Don Allen; 4th FG crew chief, artist, waist gunner, passes away

  • Published
  • By Roy Heidicker, PhD
  • 4th Fighter Wing Historian
Thursday, Aug. 15, 2013, 92-year-old Donald Allen passed away quietly in his sleep in Cleveland, Ohio.

Allen was born on Oct. 14, 1919 in Cleveland, Ohio. In 1941, he graduated from the Cleveland Institute of Art. Shortly thereafter, he joined the U.S. Army Air Corps and was given a series of aptitude tests at Fort Hayes in Columbus Ohio. Not only did these tests reveal Allen was highly intelligent, but he also possessed tremendous mechanical ability.

Next stop was Sheppard Field, Texas, for basic military training and mechanics school. Upon completion, Allen was assigned to the 334th Fighter Squadron, 4th Fighter Group, at Debden Field, England.

Initially Allen worked as a P-47 Thunderbolt crew chief until the group transitioned to the P-51 Mustang. His artistic talents were soon discovered and Allen was called upon to paint nose art on the fuselage of the aircraft. Allen's beautiful and distinctive work was in demand throughout the 4th FG.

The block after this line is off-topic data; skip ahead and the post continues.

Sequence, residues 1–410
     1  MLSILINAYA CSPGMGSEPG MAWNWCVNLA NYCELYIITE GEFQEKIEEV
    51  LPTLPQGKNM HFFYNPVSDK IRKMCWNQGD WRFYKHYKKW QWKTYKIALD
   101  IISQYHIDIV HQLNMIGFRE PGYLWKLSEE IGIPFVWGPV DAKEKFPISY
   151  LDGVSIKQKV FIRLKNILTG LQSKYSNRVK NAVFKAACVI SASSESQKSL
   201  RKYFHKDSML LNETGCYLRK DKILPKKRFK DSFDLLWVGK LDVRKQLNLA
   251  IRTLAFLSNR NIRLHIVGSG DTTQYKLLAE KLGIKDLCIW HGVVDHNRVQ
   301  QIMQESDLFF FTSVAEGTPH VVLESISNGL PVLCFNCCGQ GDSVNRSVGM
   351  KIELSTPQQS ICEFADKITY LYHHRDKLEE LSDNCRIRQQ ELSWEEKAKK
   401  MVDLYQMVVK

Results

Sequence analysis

Before he was through, the magnificent artwork of Allen adorned 65 aircraft in the group; each image reflecting hometowns, nicknames, girlfriends, wives or other themes requested by pilots. The talent, originality and humor of Allen were also reflected in each of these nose art creations. Amidst the war, sacrifice and death, Allen's work lifted the morale and inspired pride and inspiration throughout the group's squadrons.

As if he had not contributed enough, Allen volunteered to take part in the famous Russian Shuttle Mission (England - Russia - Italy - England) in June or July, 1944. Serving as a B-17 Flying Fortress bomber waist gunner, Allen made the trip so he could mechanically service the fighters at each stop along the way. He survived the enemy flak and fighters to return to Debden.

By the end of World War II, the men of the 4th FG destroyed an astonishing 1,016 enemy aircraft, more than any other group, before or since.

After returning to the United States, Allen married in 1946, resulting in two children and two grandchildren. His wife Betty passed away in 1993.

Allen worked for the same company in Cleveland, Ohio, Ad Art, for fifty years. He worked in a variety of positions including his least favorite, according to Allen, being president of the company.